Sticking to a Budget: Set a Goal, Stay Focused
Did you ever hear the phrase "save your money" when you were younger? Or maybe you still hear that today. Did it make you want to save your money? Yeah, me neither. I never understood why we should save money. It always seemed pointless to me.
I think the reason it seemed pointless was because there was no explanation why I should be saving my money. Just that I might need it for a rainy day... whatever that means...
There was a point in life where my mom told me she wasn't going to buy me a car. And as a 14-year-old with a part-time job, that was all I needed to start saving my money so I could buy a car by the time I was 16. Being motivated to get on a budget and stick to a budget comes down to taking a little time up-front to think about what really matters to you.
Of course, there are things we don't like paying for like insurance or property taxes, but for those things, or experiences we want to do some day, we'll need to set a goal. And unless you've got more income than you know what to do with, you'll likely have to prioritize your goals and fund them with leftover money at the end of the month after you've taken care of all the other obligations you have.
Setting a goal for something like a vacation will make you appreciate the experience all the more. You'll work hard for the months leading up to it, stashing away the cash needed for the adventure. When the vacation finally comes, you have all the money needed to fund it, you stick to your vacation budget) and you come home guilt-free. Ah! Feels nice, doesn't it?
We used to just plan weekend trips without thinking about money or saving up for it. We'd throw all the expenses on our credit card and worry about it when we got home. And we sure worried when we got home, trying to figure out how to cover the expenses at the expense of making progress in other important areas of the "budget."
Setting goals for your budget helps keep you focused on what's most important to you. This will be different for everyone, but everyone should definitely decide and be intentional about what they hope to accomplish with their budget.
Here are a few big areas to think through:
- Debts: Tired of being in debt? Want to crush it to a million pieces?
- Emergency Fund: How big of a safety net would you like to have? What would constitute an emergency for you and your family?
- Health: Gym membership worth it? Want to invest in chiropractic (we do) but it's not covered by your insurance?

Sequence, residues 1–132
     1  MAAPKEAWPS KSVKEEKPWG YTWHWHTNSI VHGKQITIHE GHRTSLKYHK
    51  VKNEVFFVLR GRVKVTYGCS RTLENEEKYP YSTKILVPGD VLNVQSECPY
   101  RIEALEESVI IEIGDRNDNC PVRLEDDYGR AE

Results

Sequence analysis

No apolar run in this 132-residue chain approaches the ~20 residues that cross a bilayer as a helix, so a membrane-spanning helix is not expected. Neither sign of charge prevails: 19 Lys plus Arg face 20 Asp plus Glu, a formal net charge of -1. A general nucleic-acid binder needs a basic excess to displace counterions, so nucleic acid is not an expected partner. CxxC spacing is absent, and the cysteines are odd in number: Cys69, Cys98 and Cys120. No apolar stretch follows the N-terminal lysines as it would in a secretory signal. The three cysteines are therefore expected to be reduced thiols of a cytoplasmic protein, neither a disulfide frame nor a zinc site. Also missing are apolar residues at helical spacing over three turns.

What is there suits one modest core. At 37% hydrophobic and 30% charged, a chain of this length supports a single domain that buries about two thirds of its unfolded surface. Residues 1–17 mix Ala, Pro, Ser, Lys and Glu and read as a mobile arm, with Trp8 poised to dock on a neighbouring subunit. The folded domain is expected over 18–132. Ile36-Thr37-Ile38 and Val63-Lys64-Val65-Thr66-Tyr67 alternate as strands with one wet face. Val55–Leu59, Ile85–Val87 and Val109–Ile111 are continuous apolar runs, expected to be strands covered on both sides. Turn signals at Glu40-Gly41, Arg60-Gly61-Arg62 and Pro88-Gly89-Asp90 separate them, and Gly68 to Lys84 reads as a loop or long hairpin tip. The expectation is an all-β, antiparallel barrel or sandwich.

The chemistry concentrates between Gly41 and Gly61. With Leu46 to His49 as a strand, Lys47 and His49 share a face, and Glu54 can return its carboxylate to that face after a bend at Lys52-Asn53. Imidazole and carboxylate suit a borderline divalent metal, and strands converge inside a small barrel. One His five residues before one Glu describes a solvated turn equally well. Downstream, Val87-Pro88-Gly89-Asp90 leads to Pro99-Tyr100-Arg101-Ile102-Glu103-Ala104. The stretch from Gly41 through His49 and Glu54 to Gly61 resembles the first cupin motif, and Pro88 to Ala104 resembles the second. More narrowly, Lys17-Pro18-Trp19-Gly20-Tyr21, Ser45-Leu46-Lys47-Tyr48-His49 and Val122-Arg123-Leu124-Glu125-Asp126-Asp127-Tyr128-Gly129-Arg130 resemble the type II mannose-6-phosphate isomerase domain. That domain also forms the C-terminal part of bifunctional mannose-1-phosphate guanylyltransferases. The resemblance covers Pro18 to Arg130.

- Vacations: Want your dreams to come true in Disney World some day? How much will that cost?
- Retirement: When do you hope to retire? Do you know how much it will take? What's your game plan?
- Education (for the kiddos): Did mom and dad pay for your college? Do you hope to do the same for your kids?
- Vehicles: Do you like car loans? What would it take to pay cash for your next car?
- Housing: Does your current situation work? When will your mortgage be paid off? Or, when do you want to buy a house?
All great questions to ask yourself and/or your spouse from time to time. At least on a yearly basis. For us, vehicles will be our Achilles' heel. We don't really care about the vehicles we drive. By that I mean we don't desire to drive fancy cars. So we'll resort to buying used cars for a really long time.
But, we're not actively saving for our next purchase. Shame on us. If one of our vehicles broke down right now, I would guess we would pull a few thousand from our emergency fund to buy a used car (not what the emergency fund is really for). Or, I'd try to ride my bike to work. With winter coming up in Iowa, I'd have to get really good at cold-weather biking fast....
Or, we could probably manage with one vehicle, it would just mean adding a lot of extra miles and longer car time for everyone. Something we definitely need to think through and set a goal for. I drive a '98 Grand Prix that Kelsey's parents bought her in 2002. The engine will likely run forever if the wheels don't fall off first (it's had a few off-road experiences ... before it became my vehicle ;) ) So we'll see...
What goals do you have for your budget right now? Long-term? Short-term?
Other posts in this series: